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#21 Andres Vera

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Posted 12 September 2017 - 1653 PM

Great topic Andrés. I really liked the animation of Jutland, this has to be one of the most dramatic naval battles of recent times.

That animation got me back to the old days of the "British would have won had they not turned away from the German torpedoes thread". At peak King Sargent Military History traffic we had like two of these a week.


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#22 BillB

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Posted 12 September 2017 - 1902 PM

Well I suppose I'd better bite. At risk of sounding like Rich I gave it the first thirty minutes and found it a sprinkling of accurate facts over lots of simple misrepresentation at best and a mixture of just plain wrong and fantasy at worst...

 

BillB


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#23 Ken Estes

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Posted 13 September 2017 - 0431 AM

Always a problem with breathless efforts to bring the 'real truth ©' to a single video screen, instead of investing many years of research and contemplation to determine 'Wie es eigentlicht gewesen [how it really was - L. Ranke].'


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#24 Rich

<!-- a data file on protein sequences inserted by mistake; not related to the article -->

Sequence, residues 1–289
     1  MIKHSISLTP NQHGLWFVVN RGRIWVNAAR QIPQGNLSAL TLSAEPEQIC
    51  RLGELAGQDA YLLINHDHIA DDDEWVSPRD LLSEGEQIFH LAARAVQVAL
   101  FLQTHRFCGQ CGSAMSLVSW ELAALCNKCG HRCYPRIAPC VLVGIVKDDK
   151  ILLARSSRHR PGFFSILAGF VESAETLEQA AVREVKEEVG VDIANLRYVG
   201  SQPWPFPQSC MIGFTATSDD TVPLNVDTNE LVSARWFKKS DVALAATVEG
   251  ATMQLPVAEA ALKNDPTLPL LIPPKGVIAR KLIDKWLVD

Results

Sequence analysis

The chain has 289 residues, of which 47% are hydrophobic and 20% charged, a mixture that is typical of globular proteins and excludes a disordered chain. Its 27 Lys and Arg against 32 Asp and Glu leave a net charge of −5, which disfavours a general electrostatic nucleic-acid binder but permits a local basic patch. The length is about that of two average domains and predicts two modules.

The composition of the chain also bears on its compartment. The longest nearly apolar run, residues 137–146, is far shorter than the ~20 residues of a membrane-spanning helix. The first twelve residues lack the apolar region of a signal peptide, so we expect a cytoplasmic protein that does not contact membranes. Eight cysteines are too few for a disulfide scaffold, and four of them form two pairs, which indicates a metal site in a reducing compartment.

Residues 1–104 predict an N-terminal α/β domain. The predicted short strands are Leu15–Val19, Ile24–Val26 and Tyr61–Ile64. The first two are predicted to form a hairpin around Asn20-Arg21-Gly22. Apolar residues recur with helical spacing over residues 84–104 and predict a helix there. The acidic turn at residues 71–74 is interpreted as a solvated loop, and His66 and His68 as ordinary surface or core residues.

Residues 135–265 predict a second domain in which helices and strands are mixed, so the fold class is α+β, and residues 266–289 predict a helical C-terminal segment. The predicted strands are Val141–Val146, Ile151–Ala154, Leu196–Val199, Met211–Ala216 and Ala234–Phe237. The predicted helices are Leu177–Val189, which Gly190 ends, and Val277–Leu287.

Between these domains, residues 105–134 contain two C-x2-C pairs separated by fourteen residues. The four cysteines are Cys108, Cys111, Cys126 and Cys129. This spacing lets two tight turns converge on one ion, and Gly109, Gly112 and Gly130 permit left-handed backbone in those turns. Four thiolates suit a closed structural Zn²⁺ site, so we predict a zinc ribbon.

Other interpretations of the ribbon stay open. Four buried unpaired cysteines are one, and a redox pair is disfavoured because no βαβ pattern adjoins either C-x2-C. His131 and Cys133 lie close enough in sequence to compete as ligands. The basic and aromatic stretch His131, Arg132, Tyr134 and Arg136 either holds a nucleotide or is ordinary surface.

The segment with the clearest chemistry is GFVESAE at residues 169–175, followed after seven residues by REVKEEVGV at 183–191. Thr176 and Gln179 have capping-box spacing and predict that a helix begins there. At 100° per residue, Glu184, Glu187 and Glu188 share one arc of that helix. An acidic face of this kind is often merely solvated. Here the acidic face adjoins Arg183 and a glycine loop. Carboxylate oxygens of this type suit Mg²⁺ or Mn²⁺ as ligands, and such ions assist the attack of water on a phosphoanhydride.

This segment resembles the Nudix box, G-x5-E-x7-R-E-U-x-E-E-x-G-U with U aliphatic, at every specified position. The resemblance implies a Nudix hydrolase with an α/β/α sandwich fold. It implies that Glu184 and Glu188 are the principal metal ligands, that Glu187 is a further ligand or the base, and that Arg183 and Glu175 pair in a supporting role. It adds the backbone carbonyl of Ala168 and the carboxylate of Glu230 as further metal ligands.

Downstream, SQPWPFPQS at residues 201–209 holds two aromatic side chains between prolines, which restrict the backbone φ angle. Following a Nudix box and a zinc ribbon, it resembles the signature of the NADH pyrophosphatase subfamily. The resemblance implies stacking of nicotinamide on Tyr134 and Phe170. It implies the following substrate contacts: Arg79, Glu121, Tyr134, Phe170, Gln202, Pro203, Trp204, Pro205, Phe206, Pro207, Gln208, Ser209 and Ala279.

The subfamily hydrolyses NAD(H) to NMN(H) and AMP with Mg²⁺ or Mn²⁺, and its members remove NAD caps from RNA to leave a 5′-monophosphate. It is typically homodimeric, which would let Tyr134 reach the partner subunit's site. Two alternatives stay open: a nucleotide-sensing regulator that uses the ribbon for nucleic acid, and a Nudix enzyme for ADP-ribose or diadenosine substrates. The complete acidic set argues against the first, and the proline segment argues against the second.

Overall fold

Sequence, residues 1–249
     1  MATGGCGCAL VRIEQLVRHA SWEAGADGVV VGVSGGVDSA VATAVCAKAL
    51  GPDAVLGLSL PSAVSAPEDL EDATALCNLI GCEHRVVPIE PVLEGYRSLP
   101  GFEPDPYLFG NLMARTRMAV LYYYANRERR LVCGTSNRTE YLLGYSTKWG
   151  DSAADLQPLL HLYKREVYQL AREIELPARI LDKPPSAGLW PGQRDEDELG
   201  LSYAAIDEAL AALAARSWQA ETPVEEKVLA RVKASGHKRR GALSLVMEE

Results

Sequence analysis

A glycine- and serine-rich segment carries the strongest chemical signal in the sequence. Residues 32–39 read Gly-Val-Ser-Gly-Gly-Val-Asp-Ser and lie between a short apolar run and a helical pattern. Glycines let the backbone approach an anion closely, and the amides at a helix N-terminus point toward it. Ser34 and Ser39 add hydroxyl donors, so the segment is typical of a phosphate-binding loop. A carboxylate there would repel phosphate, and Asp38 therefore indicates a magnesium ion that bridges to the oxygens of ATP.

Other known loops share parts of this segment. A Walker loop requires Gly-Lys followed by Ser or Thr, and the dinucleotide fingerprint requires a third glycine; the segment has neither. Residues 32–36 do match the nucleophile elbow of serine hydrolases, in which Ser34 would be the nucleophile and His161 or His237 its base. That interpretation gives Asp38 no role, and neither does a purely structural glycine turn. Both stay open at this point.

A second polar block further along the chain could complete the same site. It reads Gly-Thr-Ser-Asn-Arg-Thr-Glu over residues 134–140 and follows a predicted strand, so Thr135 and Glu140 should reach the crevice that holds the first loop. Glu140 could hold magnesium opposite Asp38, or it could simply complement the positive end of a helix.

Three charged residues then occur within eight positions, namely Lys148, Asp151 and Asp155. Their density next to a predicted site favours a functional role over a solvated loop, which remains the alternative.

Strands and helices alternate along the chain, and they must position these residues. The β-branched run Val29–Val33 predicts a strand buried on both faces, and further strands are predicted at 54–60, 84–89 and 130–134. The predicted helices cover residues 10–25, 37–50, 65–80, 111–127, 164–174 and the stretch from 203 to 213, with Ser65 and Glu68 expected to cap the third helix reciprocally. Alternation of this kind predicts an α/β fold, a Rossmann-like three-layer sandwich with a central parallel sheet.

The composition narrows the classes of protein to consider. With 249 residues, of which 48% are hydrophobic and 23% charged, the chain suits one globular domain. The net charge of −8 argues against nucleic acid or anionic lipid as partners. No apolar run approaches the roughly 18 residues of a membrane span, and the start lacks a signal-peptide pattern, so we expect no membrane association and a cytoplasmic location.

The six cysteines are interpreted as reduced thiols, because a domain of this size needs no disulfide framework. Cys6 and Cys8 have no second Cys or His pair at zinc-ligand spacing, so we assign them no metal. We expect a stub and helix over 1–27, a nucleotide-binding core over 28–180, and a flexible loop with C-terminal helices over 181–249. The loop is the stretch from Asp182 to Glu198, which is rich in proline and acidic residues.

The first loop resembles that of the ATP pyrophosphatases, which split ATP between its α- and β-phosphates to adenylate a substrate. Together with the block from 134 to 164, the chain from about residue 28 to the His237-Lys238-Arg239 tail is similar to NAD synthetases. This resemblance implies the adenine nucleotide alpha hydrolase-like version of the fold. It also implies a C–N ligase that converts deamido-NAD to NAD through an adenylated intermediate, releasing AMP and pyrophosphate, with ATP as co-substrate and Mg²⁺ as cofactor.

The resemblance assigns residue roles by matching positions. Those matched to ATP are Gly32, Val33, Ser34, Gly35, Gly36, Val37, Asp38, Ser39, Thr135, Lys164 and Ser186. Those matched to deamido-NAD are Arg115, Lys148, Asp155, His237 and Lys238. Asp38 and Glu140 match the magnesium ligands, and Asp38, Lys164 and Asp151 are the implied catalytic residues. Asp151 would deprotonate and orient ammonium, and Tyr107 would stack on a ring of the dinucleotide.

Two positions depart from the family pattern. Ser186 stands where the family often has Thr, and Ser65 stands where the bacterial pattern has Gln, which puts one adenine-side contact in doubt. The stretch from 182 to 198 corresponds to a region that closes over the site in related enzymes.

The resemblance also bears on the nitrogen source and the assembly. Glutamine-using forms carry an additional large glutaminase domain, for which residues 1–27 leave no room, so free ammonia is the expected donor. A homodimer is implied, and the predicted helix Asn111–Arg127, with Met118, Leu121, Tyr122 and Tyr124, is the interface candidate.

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Posted 13 September 2017 - 1017 AM

 

Well I suppose I'd better bite. At risk of sounding like Rich I gave it the first thirty minutes and found it a sprinkling of accurate facts over lots of simple misrepresentation at best and a mixture of just plain wrong and fantasy at worst...

 

BillB

 

 

Funny, I doubt I have a British accent.


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#25 BillB

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Posted 13 September 2017 - 1128 AM

 

 

Well I suppose I'd better bite. At risk of sounding like Rich I gave it the first thirty minutes and found it a sprinkling of accurate facts over lots of simple misrepresentation at best and a mixture of just plain wrong and fantasy at worst...

 

BillB

 

 

Funny, I doubt I have a British accent.

 

Neither do I, according to some.  :)

 

[edited to add] No insult intended, I was simply referring to your refreshing tendency to deliberately push verifiable facts into the path of a good story. 

 

BillB


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#26 Andres Vera

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Posted 13 September 2017 - 1133 AM


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#27 nitflegal

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Posted 13 September 2017 - 1928 PM

 


As someone with more than a passing interest in the katana for the last 30 years and the good fortune to handle a bunch of period versions over the years I found his videos on them pretty poor.  One of the poor things about youtube history videos are there are far too many where someone speaks for 5-20 minutes about a subject he knows little about.  A friend brought a few over and I swung a couple isn't much in the way of research.